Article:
September 18, 2009

Bars in the wind

With occasion of the Day of the People of Minorca, on which we commemorate the incorporation of the island to the Catalan Crown, on January 17th 1287, I have remembered that a year ago, there was an intense debate at, on Pau Gener’s blog Sa tanca de s’era with occasion of an article where there was not even a flag. Because of this, I thought that it would not be bad to revise the possible origin and meaning of our flag, ensign or standard or how you would like to call this National symbol.

To begin with, do not believe that I shall start with the legend of Wilfred the Hairy, marking with his four bloody fingers on a golden shield what it was the emblem of the Counts of Barcelona, but before then and examining this Iberian statue from the 5th Century bC, marked too with the four bars.


Iberian statue and some representations of the territory occupied by the Iberians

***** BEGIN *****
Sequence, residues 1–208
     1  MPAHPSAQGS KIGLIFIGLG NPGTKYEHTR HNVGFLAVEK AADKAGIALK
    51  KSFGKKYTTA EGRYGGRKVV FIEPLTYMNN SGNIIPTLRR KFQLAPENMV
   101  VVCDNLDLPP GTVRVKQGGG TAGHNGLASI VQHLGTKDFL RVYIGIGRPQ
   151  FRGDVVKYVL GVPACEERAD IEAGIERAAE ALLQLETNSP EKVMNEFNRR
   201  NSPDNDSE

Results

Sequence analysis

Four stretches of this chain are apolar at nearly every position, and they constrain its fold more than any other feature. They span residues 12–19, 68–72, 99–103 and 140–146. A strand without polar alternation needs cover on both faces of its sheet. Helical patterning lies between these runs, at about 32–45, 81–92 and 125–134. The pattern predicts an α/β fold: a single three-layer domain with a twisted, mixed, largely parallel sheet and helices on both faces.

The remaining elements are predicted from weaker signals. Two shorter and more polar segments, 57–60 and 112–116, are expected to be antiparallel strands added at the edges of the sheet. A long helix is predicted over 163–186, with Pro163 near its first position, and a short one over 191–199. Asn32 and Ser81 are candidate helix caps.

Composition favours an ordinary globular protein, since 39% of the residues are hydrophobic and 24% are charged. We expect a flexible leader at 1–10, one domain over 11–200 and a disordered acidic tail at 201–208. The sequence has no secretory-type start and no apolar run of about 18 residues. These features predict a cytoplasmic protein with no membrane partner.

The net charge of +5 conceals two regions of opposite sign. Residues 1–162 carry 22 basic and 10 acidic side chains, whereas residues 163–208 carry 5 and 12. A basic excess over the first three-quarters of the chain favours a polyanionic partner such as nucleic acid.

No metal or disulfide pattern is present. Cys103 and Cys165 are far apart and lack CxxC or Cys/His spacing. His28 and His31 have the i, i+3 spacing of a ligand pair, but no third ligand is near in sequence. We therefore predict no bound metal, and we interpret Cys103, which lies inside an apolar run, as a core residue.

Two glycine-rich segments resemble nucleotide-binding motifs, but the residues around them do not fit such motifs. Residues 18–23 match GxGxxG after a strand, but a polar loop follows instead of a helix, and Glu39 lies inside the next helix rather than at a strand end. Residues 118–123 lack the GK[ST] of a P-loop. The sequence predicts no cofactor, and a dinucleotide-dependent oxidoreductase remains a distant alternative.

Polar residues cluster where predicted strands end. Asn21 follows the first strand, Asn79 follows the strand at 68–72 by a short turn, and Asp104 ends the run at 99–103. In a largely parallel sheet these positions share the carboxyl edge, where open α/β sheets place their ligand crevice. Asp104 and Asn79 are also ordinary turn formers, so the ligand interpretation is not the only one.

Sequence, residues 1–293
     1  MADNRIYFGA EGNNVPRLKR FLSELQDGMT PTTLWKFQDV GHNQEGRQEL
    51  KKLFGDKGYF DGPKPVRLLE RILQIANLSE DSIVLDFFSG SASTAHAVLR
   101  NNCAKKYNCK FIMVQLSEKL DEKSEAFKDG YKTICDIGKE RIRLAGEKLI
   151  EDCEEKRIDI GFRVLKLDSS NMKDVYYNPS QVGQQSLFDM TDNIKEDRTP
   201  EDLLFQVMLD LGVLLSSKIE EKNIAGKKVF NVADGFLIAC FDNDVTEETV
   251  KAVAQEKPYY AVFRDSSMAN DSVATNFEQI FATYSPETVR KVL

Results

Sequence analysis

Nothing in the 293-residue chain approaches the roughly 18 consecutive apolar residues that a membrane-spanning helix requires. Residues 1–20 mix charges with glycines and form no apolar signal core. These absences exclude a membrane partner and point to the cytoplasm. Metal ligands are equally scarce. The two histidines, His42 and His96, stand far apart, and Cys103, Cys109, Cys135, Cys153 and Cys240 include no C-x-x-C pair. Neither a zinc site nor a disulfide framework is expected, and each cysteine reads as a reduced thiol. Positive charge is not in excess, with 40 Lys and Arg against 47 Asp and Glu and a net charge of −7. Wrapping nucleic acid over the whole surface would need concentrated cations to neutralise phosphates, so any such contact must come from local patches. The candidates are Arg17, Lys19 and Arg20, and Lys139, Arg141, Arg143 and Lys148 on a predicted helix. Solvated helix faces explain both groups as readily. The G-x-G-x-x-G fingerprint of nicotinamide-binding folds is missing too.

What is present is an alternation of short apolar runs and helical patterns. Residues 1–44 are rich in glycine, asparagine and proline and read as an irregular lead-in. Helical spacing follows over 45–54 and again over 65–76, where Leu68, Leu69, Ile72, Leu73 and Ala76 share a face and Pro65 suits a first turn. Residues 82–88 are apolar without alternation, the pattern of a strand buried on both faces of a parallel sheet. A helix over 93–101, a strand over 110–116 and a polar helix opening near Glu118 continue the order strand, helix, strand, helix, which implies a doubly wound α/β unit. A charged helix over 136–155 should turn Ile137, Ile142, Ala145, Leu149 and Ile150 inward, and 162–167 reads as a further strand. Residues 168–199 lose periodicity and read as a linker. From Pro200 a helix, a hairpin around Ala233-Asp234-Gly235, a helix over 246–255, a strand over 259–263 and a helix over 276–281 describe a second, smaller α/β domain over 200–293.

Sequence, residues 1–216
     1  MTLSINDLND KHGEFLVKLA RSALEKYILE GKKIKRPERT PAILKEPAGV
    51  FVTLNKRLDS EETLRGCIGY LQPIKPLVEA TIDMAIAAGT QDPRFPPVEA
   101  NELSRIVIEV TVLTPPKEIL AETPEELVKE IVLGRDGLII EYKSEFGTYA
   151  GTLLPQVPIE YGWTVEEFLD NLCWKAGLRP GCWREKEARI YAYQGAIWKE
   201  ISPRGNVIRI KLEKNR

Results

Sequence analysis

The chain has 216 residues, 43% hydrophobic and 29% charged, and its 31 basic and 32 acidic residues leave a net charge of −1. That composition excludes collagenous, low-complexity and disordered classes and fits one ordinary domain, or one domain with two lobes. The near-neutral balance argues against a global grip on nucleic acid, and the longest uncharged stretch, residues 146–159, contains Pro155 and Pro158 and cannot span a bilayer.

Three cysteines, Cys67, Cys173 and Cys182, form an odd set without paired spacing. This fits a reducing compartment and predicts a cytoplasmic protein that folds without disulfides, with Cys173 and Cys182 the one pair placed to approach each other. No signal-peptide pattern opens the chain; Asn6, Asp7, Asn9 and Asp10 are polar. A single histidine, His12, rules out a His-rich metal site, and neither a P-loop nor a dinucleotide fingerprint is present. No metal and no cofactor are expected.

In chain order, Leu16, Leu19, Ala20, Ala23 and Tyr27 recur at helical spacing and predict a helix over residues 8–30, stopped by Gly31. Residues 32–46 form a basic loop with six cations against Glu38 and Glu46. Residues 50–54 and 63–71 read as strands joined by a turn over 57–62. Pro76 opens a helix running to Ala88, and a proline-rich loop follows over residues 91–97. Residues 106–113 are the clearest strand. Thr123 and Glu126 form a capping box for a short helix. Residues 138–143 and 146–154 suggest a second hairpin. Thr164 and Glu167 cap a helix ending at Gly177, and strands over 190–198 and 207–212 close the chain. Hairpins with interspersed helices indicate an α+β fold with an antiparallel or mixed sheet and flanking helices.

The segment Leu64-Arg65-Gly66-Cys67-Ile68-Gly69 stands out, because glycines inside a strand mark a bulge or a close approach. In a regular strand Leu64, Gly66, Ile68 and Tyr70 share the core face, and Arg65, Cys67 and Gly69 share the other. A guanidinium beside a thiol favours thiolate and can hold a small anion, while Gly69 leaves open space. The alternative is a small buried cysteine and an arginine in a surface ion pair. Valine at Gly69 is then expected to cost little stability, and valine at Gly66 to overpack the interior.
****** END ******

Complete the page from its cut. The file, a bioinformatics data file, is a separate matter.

What could represent the four paly that you can see in this Iberian figure? It results curious to verify that the actual Catalan Countries coincides in great part with the territories populated by the ancient Iberians, from the Northern Pyrenees to Granada, for all the Mediterranean coast, following the maps. We are, then, a Nation with roots that go into the ages a long time before the arrival of the Romans.

To start by the hypothesis that relate Iberians with Jews, it must be mentioned that following the Cabalists, the origin of the four paly of the Catalan flag is the four letters of the name of God in Hebrew, what is known as the tetragrammaton:

The Tetragramme are the four letters of the name of God. In Hebrew there are no vowels, thus the name Jahve or Jehova is written YHVH. The tetragrammaton bears a concept of God, or better said, the Creator of everything visible or invisible –something not perceivable by the sight, smell, taste and tact. The name YHVH is a term that defines and regulates the creation process. One process that, at the same time, is marked by four phases: plough, sow, collect and elaborate. As well, sow, germinate, grow, flourish. There is one time for every thing. The creation process has four phases.

These four letters or energies make reference to the four elements of the Creation: Air, Water, Earth and Fire. There is a reference to the Cardinal points: North, South, East and West, that frame all that we call space. The four seasons of the year, Spring, Summer, Autumn and Winter, the four basic foods to keep life…